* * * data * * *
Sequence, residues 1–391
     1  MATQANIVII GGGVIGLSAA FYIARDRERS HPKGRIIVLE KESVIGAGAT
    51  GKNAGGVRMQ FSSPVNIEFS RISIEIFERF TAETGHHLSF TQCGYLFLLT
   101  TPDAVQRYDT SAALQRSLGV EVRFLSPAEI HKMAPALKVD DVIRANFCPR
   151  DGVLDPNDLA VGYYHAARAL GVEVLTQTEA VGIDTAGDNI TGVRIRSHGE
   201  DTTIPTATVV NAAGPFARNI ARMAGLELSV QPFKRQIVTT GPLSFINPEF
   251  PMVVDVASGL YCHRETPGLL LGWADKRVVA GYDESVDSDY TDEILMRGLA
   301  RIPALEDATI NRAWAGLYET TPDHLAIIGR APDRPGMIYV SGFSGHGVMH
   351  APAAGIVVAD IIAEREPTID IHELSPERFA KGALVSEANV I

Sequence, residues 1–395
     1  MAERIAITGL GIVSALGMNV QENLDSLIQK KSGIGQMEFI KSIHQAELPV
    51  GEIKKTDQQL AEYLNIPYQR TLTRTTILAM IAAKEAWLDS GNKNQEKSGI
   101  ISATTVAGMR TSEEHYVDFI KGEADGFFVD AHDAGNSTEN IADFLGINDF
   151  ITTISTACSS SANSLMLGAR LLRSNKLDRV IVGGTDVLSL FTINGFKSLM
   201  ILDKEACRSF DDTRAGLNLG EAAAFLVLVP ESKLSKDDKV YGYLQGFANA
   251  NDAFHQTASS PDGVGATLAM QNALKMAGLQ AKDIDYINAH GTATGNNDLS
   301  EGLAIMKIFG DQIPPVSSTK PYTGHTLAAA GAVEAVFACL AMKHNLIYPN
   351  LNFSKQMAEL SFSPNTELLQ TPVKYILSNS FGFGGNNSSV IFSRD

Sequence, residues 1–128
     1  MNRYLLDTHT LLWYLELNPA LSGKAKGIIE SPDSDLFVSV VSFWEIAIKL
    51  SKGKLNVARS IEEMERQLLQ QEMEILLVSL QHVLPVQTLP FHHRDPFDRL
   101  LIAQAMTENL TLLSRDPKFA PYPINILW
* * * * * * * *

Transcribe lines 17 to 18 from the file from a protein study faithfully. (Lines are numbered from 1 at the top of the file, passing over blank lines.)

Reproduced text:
   301  EGLAIMKIFG DQIPPVSSTK PYTGHTLAAA GAVEAVFACL AMKHNLIYPN
   351  LNFSKQMAEL SFSPNTELLQ TPVKYILSNS FGFGGNNSSV IFSRD